Dark Matter – Detecting The Invisible

That which occupies space and possesses rest mass, especially as distinct from energy is called as matter. Matter is present in its various forms through which we can see, observe, and study it. We see matter in our everyday lives and also when we look up towards the skies, we see it in form of stars, galaxies etc. But, not all of the sky is filled with stars, we also see empty space in between.  Which actually is filled up with dark energy, neutrinos, and the mysterious dark matter. As its name suggests, you can’t see or detect it. It can’t be detected directly but it affects rest of the matter (basically its observations) through which it can be studied indirectly, for example, gravitational lensing. It can also be traced in cosmic background radiation and large-scale structure of the universe. Though some scientists have alternate theories to explain above phenomenon, instead of giving its credit to hypothetical dark matter, but science community has vastly accepted this hypothesis.

Galaxies are spinning so fast that they could have been ripped apart but it doesn’t happen, something is keeping them together. Ordinary matter is just 4.9% of the total mass of the universe. Dark matter makes up 98% percent of all matter in the universe and 26.8% of total mass of the universe while 68.3% of the total mass is occupied by dark energy. Thus, it’s helpful in modeling the structure and formation of the galaxies than just studying the cosmos through electromagnetic observations. Direct observations are still not possible.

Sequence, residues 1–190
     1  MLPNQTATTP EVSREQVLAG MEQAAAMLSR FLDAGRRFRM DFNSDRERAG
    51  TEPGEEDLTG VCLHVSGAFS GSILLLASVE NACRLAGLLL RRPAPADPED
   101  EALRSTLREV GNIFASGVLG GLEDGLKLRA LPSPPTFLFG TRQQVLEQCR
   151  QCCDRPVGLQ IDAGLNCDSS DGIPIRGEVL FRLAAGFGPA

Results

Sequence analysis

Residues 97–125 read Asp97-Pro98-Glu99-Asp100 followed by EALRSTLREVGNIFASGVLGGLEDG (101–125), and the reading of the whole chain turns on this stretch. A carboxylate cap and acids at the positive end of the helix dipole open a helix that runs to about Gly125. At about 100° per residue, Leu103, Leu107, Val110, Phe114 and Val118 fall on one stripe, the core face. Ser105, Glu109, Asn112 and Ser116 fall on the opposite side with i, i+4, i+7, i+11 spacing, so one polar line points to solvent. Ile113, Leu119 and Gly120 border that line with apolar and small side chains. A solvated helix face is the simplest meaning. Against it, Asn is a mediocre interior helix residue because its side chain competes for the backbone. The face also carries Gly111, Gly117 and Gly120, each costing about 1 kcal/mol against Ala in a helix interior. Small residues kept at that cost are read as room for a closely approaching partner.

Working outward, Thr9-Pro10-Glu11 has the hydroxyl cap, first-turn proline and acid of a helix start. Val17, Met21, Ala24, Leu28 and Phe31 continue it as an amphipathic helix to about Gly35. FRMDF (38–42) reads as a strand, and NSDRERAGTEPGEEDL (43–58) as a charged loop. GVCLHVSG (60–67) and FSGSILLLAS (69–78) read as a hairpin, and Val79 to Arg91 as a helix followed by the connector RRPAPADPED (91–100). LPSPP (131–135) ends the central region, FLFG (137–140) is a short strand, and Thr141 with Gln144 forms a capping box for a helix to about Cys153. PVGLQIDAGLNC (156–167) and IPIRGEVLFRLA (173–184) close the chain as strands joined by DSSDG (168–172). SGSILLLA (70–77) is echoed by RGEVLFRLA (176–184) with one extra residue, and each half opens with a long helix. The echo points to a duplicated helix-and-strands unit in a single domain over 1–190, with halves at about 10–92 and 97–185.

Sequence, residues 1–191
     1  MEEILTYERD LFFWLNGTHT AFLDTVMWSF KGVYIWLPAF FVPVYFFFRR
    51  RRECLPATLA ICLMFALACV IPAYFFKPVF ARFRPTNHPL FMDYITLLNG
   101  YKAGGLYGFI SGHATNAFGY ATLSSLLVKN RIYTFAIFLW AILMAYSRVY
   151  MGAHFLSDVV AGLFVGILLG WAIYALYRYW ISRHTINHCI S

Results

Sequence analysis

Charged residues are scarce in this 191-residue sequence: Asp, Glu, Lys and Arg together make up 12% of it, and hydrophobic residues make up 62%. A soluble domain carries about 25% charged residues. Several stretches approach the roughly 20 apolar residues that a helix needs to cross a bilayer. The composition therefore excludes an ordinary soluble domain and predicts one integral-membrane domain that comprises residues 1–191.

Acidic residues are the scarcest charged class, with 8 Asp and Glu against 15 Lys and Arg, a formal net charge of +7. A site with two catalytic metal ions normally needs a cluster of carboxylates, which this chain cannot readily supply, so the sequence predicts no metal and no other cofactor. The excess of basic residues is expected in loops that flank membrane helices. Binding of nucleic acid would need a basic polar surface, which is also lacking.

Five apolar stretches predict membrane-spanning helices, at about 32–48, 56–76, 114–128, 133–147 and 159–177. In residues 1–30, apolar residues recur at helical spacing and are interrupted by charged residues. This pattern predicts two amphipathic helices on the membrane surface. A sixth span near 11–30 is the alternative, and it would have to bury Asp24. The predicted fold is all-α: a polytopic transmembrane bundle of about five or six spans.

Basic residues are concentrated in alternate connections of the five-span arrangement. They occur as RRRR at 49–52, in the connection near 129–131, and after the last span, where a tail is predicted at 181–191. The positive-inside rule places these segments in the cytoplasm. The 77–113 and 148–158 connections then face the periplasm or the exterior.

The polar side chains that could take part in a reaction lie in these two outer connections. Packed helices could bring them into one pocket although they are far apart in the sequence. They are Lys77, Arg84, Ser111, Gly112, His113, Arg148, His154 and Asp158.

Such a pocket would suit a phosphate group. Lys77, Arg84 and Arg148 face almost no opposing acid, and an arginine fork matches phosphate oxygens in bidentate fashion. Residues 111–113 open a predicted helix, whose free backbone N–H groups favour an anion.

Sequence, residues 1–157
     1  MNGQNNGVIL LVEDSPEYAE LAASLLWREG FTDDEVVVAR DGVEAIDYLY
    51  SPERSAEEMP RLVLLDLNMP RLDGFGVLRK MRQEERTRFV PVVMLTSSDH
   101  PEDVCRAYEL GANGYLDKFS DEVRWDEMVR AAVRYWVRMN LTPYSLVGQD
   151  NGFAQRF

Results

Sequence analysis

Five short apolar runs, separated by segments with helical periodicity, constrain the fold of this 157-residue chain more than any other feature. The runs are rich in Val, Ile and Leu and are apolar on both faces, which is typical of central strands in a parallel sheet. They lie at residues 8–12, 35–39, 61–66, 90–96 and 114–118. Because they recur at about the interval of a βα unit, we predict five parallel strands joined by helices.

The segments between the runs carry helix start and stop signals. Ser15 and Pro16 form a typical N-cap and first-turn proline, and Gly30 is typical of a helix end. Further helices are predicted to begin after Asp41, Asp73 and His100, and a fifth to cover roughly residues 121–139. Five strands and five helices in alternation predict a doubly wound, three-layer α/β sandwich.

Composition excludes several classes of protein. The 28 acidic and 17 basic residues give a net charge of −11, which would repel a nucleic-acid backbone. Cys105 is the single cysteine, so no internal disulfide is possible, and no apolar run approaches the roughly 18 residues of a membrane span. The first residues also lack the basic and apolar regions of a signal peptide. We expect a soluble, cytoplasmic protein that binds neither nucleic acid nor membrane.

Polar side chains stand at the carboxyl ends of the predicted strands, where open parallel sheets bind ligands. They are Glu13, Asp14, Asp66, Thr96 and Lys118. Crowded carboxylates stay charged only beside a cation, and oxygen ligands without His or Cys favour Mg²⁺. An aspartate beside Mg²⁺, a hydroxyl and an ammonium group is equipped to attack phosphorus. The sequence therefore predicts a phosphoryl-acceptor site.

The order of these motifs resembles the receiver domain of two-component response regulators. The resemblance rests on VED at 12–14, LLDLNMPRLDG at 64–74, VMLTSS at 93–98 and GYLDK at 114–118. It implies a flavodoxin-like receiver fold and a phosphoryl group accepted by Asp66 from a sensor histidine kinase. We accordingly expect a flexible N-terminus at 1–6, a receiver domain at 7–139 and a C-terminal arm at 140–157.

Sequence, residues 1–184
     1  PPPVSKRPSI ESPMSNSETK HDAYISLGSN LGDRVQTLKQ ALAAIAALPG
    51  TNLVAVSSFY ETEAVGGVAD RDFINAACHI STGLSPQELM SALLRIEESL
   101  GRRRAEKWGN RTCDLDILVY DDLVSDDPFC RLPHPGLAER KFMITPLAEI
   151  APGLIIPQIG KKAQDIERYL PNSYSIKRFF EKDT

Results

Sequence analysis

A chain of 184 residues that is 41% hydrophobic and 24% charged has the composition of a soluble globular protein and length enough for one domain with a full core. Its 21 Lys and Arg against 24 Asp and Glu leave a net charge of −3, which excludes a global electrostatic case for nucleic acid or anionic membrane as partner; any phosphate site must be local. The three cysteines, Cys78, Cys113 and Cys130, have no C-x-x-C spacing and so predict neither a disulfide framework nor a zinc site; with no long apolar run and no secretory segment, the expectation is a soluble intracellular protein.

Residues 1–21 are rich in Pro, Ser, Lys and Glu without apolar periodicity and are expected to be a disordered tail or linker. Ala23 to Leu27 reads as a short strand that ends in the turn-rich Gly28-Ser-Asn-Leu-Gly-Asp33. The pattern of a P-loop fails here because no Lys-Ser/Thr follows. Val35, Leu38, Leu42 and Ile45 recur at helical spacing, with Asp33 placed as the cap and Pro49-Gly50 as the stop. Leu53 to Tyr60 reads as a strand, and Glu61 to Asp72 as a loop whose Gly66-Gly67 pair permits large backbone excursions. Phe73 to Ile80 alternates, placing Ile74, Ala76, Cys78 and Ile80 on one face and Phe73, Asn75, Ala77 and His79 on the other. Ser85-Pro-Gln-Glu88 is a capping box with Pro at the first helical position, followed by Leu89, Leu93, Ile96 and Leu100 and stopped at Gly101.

What could it possibly be made up of ? A widely accepted hypothesis suggests that it is  made up of weakly interacting high energy particles which interact by means of gravity and weak forces. So, to detect and study it, non-gravitational detection methods are being developed.

Can you imagine a galaxy made up entirely of dark matter? As put forward by astronomers in 2016, they have possibly found a galaxy made up almost entirely of dark matter. Dragonfly 44 is an ultra diffused galaxy which entirely consists of dark matter with almost no stars or galactic structure. An ultra diffused galaxy is the one which may have mass comparable to Milky Way but with only 1 % star count. You can find some old stars there because of the absence of any new formation as there is an absence of star-forming fuel or gas.

One of the most reliable ways to detect dark matter is through gravitational lensing, especially by observing galaxy clusters. It produces weak and strong lensing, you can see that in the images below:

The area shaded in blue represents weak gravitational lensing. (Source: Wiki)



Lensing arcs are visible in this strong gravitational lensing image.(Hubble Space Telescope).


There is one more way which points towards some “happenings” in the dark matter. While studying data from European Space Agency’s XMM-Newton spacecraft, astronomers possibly found an X-Ray spike coming not from the visible matter but from the dark matter, in the regions pointing towards the Andromeda galaxy and Perseus galaxy cluster. Below is the video:

As dark matter occupies most of the universe, being able to detect and studying it will unravel many mysteries.Experiments at the Large Hadron Collider (LHC) may provide more direct clues about dark matter.

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